Newsweek’s characterization of Nashi is for suresteeped in hyperbole. This is to be expected. Most articles about Russia in the Western media tend to place it on a narratological pendulum that somehow always swings a bit too far toward “totalitarianism.” Plus, anytime youth organizations are reduced to mere “disciplined” and “fanatical” puppets of the regime, I can’t help but cast a critical eye. Sure the Kremlin may want “to win—or control—the hearts and minds of Russia’s youth” but actually doing it is always a more complex and difficult task. If one wants to compare Nashi with the Komsomol, which I have, then one should not also swallow the organization’s own image of themselves. The Potemkin village shouldn’t be taken for the actual village.

Still, Nashi bills itself as the counter revolutionary shock force against the specter of colored revolutions. This, according to Sergei Markov, who helped establish Nashi in 2004, is its original purpose. “The crucial role that young people played in those revolutions made us realize that something should be done. The plan was simple,” he explained to Newsweek. “We launched Nashi in towns close to Moscow so that activists could arrive overnight on Red Square, if needed. The idea was to create an ideology based on a total devotion to the president and his course.”

Creating an ideology is not all. Nashi and other pro-Kremlin youth groups also engage in paramilitary training (this was the case with the Komsomol too).

 

The paramilitary flavor is unmistakable. Every summer, Nashi runs recruiting camps all across Russia. New members watch propaganda films and receive basic military-style training, says Nashi boss Vasily Yakemenko. They are lectured by top bureaucrats and politicians, including Deputy Defense Minister Yury Baluyevsky and the thuggish Chechen President Ramzan Kadyrov—honored as a “Young Politician of the Year” at last year’s Nashi congress. Activists who sign up a hundred new members qualify for promotion to commissar, so long as they pass a grueling three-day series of paramilitary assault courses and physical tests. “We had to demonstrate physical strength, endurance and team leadership,” recalls Leonid Kurza, 23, the leader of the St. Petersburg chapter of Nashi, inducted last winter. Nashi also runs volunteer police troops, who wear black uniforms and, according to the movement’s press service, “help police to patrol streets—and if necessary beat hooligans.”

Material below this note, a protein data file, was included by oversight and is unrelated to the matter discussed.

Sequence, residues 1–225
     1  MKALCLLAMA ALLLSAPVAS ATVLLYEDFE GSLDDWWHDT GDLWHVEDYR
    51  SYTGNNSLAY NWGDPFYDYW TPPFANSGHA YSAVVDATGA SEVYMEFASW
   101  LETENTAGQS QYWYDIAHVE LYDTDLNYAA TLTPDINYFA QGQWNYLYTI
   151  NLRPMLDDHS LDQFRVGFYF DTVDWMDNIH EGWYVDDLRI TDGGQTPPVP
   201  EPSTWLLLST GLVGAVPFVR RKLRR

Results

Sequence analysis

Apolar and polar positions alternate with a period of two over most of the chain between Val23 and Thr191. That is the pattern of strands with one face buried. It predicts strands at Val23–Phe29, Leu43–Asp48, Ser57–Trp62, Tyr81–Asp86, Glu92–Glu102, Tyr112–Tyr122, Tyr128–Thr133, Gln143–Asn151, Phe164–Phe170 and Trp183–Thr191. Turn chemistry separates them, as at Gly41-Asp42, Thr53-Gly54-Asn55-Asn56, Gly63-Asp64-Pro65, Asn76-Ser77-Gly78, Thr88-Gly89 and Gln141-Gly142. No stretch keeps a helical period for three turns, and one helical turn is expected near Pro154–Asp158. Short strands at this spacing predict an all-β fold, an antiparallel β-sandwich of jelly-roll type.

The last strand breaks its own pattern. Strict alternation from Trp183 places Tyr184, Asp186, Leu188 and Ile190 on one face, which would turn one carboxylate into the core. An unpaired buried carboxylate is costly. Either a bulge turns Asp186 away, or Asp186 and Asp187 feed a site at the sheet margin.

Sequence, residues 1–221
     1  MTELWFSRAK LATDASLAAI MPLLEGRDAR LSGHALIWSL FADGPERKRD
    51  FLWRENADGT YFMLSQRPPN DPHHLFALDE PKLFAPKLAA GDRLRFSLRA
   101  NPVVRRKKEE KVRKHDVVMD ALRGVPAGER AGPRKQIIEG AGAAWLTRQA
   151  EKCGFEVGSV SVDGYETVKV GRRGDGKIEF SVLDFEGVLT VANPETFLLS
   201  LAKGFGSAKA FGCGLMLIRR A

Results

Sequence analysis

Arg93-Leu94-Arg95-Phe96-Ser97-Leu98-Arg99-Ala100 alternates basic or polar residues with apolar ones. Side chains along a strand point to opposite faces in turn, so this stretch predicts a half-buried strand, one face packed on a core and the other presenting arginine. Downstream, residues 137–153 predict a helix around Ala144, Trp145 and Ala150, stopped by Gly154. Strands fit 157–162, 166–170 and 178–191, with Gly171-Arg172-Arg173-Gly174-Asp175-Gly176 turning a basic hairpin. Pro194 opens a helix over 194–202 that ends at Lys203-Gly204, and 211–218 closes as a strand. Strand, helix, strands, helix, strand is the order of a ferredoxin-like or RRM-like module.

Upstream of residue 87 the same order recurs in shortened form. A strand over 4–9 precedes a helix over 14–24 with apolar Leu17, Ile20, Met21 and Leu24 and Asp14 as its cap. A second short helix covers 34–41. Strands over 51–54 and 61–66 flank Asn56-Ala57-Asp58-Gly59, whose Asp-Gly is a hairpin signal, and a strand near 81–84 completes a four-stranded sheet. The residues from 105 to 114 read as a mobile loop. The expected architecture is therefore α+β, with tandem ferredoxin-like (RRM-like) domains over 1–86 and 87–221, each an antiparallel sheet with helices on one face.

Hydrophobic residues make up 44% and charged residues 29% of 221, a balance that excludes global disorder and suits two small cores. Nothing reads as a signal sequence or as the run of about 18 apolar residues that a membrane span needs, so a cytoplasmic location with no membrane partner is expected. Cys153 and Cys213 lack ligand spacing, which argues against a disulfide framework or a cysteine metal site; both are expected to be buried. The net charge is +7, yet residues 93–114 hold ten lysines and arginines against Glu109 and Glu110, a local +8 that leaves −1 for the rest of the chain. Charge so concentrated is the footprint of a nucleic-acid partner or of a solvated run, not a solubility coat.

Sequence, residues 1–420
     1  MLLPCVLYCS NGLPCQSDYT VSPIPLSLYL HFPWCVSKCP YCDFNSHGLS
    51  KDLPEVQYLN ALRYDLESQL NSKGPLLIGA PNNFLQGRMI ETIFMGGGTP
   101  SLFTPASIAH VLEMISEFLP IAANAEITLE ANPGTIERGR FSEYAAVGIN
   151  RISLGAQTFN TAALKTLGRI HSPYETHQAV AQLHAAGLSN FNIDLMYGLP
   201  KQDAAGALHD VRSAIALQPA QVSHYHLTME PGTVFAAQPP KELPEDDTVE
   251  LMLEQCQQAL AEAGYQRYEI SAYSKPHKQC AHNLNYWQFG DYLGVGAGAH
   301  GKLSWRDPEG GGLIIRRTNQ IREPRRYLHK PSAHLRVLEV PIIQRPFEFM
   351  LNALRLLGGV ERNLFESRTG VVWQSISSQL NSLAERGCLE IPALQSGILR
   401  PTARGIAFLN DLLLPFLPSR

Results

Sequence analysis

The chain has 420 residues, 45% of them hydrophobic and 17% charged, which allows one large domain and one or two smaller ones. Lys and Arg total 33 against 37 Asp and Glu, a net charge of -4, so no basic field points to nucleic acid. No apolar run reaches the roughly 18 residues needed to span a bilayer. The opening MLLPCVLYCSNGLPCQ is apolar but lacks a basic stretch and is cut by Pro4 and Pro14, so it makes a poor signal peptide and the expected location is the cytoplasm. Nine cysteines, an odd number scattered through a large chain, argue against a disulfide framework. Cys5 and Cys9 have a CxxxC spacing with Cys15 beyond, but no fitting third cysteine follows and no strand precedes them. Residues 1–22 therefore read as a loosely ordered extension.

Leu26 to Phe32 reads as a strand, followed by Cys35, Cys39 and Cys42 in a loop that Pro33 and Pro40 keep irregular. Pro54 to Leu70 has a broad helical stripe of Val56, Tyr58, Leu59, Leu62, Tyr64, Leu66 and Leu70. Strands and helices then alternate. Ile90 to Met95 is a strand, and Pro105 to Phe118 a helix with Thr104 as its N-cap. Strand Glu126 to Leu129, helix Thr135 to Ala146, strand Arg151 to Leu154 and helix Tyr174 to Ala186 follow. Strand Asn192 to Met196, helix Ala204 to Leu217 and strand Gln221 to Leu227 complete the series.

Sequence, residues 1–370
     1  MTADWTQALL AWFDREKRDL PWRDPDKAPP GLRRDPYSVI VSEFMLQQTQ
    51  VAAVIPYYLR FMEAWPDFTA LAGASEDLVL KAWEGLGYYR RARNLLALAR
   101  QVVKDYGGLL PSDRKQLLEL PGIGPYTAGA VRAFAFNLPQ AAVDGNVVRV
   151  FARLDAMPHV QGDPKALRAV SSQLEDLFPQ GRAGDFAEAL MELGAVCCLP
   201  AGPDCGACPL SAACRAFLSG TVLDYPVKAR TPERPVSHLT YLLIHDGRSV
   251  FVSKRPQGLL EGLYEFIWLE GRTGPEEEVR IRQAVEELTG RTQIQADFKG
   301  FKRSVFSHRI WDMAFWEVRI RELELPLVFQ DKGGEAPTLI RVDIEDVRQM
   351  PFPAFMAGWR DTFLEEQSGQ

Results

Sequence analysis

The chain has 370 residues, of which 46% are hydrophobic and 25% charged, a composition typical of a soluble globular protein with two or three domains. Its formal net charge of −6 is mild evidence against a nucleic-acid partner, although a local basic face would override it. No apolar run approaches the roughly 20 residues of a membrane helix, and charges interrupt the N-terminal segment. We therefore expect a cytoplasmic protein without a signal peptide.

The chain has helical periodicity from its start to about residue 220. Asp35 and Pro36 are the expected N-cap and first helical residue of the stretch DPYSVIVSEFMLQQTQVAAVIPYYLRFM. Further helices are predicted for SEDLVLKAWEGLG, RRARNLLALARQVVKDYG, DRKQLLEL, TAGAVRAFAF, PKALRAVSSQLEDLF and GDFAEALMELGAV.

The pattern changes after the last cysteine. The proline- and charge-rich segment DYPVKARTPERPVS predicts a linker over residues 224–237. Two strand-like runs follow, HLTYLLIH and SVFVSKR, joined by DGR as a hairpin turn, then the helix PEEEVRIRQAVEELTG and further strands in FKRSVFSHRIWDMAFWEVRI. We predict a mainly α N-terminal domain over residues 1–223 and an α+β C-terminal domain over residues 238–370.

On Saturday, Moscow oblast got yet another taste of such pledges. In a counter-demonstration to the March of Dissenters in Samara, over a 1000 members of the pro-Kremlin group Mestnye gathered to show their solidarity with the Kremlin. “When the county calls on us, Mestnye leader Alexander Kazakov told the crowd. “We will be in the center of Moscow in an hour and we will not allow a single dissenting bastard assemble here! We will drive them out of the city!”

Somehow police felt that they didn’t need to protect the public from these rabble rousers . . .